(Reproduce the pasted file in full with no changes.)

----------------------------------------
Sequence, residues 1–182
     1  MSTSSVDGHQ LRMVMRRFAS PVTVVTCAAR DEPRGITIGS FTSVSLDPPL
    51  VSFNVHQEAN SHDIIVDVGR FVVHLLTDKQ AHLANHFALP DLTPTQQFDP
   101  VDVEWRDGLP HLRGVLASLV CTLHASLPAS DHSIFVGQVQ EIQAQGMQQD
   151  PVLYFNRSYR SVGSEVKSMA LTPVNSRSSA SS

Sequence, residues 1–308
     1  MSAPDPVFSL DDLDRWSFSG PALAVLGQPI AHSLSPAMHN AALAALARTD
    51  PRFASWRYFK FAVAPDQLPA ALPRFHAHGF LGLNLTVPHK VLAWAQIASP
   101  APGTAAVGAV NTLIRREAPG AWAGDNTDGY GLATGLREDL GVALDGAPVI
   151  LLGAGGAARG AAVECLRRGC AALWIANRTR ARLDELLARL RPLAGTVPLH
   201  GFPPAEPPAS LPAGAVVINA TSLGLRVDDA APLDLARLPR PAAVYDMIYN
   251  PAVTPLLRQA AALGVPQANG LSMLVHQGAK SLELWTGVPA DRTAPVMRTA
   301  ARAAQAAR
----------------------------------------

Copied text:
Sequence, residues 1–182
     1  MSTSSVDGHQ LRMVMRRFAS PVTVVTCAAR DEPRGITIGS FTSVSLDPPL
    51  VSFNVHQEAN SHDIIVDVGR FVVHLLTDKQ AHLANHFALP DLTPTQQFDP
   101  VDVEWRDGLP HLRGVLASLV CTLHASLPAS DHSIFVGQVQ EIQAQGMQQD
   151  PVLYFNRSYR SVGSEVKSMA LTPVNSRSSA SS

Sequence, residues 1–308
     1  MSAPDPVFSL DDLDRWSFSG PALAVLGQPI AHSLSPAMHN AALAALARTD
    51  PRFASWRYFK FAVAPDQLPA ALPRFHAHGF LGLNLTVPHK VLAWAQIASP
   101  APGTAAVGAV NTLIRREAPG AWAGDNTDGY GLATGLREDL GVALDGAPVI
   151  LLGAGGAARG AAVECLRRGC AALWIANRTR ARLDELLARL RPLAGTVPLH
   201  GFPPAEPPAS LPAGAVVINA TSLGLRVDDA APLDLARLPR PAAVYDMIYN
   251  PAVTPLLRQA AALGVPQANG LSMLVHQGAK SLELWTGVPA DRTAPVMRTA
   301  ARAAQAAR